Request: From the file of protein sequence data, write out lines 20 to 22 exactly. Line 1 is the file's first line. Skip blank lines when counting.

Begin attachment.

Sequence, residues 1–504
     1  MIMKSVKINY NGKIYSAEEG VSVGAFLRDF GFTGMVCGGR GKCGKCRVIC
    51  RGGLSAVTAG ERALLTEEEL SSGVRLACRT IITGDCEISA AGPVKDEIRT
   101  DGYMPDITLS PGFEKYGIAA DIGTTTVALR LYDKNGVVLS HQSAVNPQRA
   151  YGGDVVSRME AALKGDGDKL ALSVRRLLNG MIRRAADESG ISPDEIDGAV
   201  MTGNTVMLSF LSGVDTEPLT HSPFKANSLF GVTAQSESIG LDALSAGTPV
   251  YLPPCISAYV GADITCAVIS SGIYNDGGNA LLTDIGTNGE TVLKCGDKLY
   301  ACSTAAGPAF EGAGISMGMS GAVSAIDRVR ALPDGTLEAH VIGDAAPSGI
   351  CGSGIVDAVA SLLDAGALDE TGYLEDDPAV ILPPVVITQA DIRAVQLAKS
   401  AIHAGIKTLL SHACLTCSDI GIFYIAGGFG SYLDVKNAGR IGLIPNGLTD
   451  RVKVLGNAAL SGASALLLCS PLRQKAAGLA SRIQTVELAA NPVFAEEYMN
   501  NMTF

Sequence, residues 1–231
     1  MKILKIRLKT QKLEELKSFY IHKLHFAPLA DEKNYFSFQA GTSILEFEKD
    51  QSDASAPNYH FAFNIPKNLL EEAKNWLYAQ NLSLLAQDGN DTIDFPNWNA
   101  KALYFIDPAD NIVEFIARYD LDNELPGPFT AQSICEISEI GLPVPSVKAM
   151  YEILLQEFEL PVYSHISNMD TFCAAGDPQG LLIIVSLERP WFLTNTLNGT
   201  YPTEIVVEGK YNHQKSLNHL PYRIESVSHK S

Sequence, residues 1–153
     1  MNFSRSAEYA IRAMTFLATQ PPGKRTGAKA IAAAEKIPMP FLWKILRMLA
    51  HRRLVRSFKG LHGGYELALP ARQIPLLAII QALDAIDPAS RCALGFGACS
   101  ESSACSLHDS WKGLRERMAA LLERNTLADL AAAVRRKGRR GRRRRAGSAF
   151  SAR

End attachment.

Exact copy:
     1  MNFSRSAEYA IRAMTFLATQ PPGKRTGAKA IAAAEKIPMP FLWKILRMLA
    51  HRRLVRSFKG LHGGYELALP ARQIPLLAII QALDAIDPAS RCALGFGACS
   101  ESSACSLHDS WKGLRERMAA LLERNTLADL AAAVRRKGRR GRRRRAGSAF